From Quy Nhon I took a 9 hour bus ride to Dalat, which is up in the mountains. It was a beautiful ride up there, past rice fields and lush mountains shrouded in clouds. The actual town is nothing all that spectacular, but made for a nice relaxing day here — lots of cafes overlooking the lake in the center of town and a fun market to walk around. This area is much cooler than anywhere else in southern Vietnam, the temperature difference was a definite welcome! That also means that lots of fruits and vegetables grow here — all the markets had strawberries for sale and there were lots of dried berries for sale too. Here, like everywhere else I have been in Veitnam, the main streets are converted in street restaurants and markets selling just about anything at night. It is amazing to see all the chairs and tables laid out and the stalls appearing out of nowhere. The street food is pretty good (and cheap) – and the pho (soup) was a nice treat on a cool evening. Though, I have tried some things that I am not totally thrilled with — for instance, last night I had a soya bean drink that was warm and sweet – kind of a shake. Not sure what I thought of that. Then today, I had something that looked like a quesadilla, but definitely was NOT one. It had a mild fish taste and was crispy… and i really can’t tell you much more than that. maybe there was some egg in it? it wasn’t all that interesting. There are still a lot of foods that i would like to try – my last day may be a feeding frenzy!

I like Vietnam, though I feel that I need to spend quite a bit more time in Southeast Asia to feel like I get it. It is pretty different here from India and Nepal (obviously) – and so I just don’t think I get it all. I kind of keep expecting people to act like they do in India and Nepal — which of course doesn’t happen. But, people are very friendly here, and I love seeing people smile at me even with their face masks on (they are real into those face masks — makes me wonder what I am breathing in!).

It is interesting being in a communist (er, rather, socialist) country — though there are not too many obvious signs of it other than flags and facebook being banned (you can get it some places, but most wifi signals do not allow you to get on). I was in one town where all the sidewalks had little communist insignias all along the sides (little stars and hammers and sickles and some other little symbols). But, there are flags everywhere! People seem very proud.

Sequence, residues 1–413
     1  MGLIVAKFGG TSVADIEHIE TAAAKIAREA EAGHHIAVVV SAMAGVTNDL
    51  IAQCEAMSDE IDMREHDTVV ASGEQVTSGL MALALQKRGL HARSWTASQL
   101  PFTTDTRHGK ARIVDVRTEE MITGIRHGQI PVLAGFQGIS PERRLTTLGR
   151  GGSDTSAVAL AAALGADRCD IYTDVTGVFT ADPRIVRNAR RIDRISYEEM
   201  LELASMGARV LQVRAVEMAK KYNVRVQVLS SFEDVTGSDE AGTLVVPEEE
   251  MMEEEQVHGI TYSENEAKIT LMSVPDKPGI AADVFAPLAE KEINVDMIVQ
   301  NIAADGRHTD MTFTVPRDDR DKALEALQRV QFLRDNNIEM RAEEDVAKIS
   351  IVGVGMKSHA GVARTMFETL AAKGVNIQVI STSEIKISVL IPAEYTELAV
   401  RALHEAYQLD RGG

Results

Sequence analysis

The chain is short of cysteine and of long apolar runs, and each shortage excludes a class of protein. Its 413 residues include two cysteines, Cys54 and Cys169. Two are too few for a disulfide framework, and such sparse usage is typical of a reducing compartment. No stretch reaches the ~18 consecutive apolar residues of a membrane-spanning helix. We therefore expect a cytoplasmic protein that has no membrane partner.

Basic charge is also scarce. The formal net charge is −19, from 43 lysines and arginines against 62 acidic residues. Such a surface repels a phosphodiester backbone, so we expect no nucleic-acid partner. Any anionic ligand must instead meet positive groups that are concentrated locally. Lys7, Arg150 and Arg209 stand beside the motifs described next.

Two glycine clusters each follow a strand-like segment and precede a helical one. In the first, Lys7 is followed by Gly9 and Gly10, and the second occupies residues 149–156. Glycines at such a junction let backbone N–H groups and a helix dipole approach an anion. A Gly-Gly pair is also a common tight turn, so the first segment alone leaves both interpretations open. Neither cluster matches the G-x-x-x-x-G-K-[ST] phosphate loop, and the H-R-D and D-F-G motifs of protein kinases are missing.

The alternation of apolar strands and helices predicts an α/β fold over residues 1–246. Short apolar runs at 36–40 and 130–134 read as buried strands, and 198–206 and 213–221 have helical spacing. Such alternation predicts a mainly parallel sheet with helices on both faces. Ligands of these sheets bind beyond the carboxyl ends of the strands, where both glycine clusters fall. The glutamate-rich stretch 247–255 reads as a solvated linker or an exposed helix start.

All through my journey, when I say I am American (which people almost never guess — I hear Italy, Spain and Israel mostly but rarely American), people all over respond with “obama!” which is a fun response. He is a big time celebrity in India and Nepal, at least. But here, I wondered what it would be like. I felt shy saying I was American – after all, some of the hillsides are still denuded from Agent Orange, and people are still having birth defects and health problems from it. But, it does not seem to be a problem here — people are quick to smile and are kind and helpful. Just like all the other places I have been.

(No pictures at this time…. the connection is not good — but i promise to post some good ones!)

Plans are meant to broken…. or something like that

2 Jan

I knew I had a short time in Vietnam, so I asked around — where should I go, what should I do?  Following a lot of questions and a lot of research, I had a general plan of 2 days in the Mekong Delta, 2 days in Dalat, a few days on the beach and then Hoi An.  Everyone recommended Hoi An.  Great — sign me up!  It seemed that it was do-able, though I would have to be careful about getting back to HCMC for my flight — but no worries.

Then, a few months later, I got great news that my friend Chloe was also going to join me in Vietnam – so I shared with her my plans.  It turned out that we would overlap by a week – so emails went back and forth, trying to make plans and confirm itineraries.  Which… turns out, is not so easy.